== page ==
For piano teachers working in countries with a strong examination culture (this means anywhere that is, or once was, part of the former British Empire/current Commonwealth) there is a general consensus about how hard certain pieces of piano music are. And this general consensus revolves around an idea of ‘grading’ – that a piece of music ‘is’ Grade One, or Grade Five, or Grade Eight.
No one ever talks very much about what makes a piece have Grade One-like qualities rather than the qualities of a Grade Two piece. But, within a teaching culture where the lesson is almost entirely focussed on the exam, teachers develop an acceptance of the gradings given to pieces by the examination boards they choose to use, and this becomes the basis for intuiting a degree of difficulty for new repertoire. If the piece ‘feels’ like Grade Four, then Grade Four it must be.
The challenge to grading new repertoire is most keenly felt when grading contemporary work. Some examples from recent syllabuses:
Carl Vine’s Spartacus from Red Blues (Faber) is a fantastic, energetic and fun-to-play addition to the piano teaching repertoire in recent times. Almost upon publication it was included in piano syllabuses around the world, as a Grade Seven piece by the Australian Music Examination Board at one end of the grading spectrum, and, by way of grading contrast, as a piece of roughly Grade Five standard by Trinity College London (as it was then) in their First Concert Certificate list.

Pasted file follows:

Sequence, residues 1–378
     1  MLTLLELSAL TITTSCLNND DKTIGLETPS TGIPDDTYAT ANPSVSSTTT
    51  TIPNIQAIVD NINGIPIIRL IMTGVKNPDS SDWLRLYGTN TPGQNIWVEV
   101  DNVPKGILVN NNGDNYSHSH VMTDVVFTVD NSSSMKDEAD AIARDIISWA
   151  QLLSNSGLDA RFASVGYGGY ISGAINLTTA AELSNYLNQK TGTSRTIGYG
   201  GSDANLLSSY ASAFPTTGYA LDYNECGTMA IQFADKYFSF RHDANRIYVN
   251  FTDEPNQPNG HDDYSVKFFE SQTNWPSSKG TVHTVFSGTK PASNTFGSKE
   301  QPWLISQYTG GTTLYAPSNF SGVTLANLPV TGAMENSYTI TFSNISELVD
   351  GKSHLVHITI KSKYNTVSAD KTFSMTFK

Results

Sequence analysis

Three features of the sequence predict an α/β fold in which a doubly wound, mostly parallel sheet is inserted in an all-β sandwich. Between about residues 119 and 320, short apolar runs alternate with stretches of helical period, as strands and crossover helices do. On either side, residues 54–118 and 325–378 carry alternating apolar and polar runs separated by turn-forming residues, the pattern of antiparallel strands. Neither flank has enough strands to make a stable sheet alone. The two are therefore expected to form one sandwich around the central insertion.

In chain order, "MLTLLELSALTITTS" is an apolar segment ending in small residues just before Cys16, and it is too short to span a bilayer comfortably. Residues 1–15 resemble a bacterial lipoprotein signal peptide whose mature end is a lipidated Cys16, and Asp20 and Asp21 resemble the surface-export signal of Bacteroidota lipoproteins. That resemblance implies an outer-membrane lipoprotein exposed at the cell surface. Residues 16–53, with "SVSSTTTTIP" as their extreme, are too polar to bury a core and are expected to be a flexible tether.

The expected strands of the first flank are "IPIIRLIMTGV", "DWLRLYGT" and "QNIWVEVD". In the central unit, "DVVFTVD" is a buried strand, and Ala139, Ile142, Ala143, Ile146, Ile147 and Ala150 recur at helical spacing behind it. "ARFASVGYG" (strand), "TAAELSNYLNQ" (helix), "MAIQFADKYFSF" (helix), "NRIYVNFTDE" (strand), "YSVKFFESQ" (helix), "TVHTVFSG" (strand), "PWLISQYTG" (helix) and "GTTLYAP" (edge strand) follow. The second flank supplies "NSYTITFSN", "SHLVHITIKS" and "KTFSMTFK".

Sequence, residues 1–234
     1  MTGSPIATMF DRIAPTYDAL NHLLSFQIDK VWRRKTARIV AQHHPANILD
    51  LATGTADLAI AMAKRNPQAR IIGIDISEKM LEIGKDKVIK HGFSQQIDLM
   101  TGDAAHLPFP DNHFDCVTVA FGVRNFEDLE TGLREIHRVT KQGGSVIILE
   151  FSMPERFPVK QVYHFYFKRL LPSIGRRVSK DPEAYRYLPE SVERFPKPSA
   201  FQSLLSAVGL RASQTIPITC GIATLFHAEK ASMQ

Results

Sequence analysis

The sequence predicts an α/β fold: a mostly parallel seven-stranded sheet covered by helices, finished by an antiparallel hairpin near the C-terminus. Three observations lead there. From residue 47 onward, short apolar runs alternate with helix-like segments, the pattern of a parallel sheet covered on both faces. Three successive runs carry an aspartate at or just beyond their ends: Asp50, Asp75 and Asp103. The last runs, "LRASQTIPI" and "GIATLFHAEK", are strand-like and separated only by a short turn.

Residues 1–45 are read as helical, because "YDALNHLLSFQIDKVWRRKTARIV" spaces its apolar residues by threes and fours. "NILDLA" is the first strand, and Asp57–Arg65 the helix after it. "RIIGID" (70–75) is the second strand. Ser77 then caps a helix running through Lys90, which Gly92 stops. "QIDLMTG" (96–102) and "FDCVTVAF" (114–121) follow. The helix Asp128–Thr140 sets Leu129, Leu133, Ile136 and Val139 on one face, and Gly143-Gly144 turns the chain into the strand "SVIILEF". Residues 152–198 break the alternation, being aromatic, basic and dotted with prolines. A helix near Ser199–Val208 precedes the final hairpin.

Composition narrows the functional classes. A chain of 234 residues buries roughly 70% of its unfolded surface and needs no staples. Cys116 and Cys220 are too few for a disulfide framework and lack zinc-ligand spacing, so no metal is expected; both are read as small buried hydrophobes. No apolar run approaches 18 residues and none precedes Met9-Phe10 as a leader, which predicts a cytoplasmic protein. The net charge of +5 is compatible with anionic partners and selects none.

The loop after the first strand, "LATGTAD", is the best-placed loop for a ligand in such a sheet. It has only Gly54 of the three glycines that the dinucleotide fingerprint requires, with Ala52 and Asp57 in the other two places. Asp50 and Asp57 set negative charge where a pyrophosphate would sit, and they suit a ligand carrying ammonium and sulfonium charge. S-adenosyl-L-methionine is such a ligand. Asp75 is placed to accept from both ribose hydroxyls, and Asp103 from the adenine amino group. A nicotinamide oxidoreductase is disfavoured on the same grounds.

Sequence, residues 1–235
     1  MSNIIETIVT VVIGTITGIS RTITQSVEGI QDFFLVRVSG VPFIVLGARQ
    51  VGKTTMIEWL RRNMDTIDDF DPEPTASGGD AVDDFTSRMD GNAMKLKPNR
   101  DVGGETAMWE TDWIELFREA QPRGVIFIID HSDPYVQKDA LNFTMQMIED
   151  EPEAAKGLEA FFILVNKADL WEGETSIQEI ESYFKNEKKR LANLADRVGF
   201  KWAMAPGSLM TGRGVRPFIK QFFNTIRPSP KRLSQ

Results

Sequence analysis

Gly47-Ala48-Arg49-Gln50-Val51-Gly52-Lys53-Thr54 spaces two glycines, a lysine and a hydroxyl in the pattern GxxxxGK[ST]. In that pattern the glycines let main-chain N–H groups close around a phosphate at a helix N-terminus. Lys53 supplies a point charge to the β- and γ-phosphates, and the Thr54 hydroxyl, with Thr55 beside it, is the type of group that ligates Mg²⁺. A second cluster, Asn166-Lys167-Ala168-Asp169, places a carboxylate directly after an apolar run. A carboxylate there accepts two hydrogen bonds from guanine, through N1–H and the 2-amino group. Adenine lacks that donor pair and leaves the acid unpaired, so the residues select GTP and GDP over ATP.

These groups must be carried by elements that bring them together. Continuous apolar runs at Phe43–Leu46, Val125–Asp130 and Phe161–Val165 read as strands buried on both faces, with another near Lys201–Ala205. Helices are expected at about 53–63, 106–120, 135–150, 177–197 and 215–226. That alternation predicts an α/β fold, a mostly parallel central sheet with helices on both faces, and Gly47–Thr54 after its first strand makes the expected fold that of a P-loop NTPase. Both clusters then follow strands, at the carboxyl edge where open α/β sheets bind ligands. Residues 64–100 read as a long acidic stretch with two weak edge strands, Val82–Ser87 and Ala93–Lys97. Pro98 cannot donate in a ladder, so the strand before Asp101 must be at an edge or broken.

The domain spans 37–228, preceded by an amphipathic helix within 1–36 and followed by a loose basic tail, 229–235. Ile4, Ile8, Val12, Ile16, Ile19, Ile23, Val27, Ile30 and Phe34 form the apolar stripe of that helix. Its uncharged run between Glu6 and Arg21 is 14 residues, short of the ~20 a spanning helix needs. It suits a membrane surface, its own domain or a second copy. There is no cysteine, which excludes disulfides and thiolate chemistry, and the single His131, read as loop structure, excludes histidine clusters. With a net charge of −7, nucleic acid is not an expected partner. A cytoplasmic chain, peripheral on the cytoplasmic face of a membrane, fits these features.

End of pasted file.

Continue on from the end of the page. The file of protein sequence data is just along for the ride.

Christopher Norton’s Microstyles and Microjazz collections (Boosey & Hawkes) were enthusiastically incorporated into the Australian Music Examination Board syllabus in the early 1990s, and these pieces quickly became favourites with teachers and students – as much as anything because they were by far the easiest options at each grade level.
Part of the problem lies with figuring out what value brand-new contributions to the repertoire bring to student pianists. And the other part of the problem lies with figuring out which bits of these new pieces are actually technically challenging to perform, and which bits are in fact quite easy once you know how.
In the case of ‘jazz’ and popular style teaching music, such as Christopher Norton’s, the pendulum has swung in an almost three dimensional fashion. To start with the pieces seemed to be quite hard – all that syncopation and rhythmic anticipation! Well, you couldn’t possibly expect a Grade Two student to be able to cope with that, now could you? Then on the other hand, the students all seemed to learn the pieces quite easily, maybe because they liked them better than the other repertoire? But then again, to make the pieces sound authentic the student needed a high level of technical sophistry to create the performance. What to do?
So, what do you think qualifies a piece to be Grade Two as compared to Grade One or Three?
I’ll be writing oh-so-much more on this topic in weeks to come……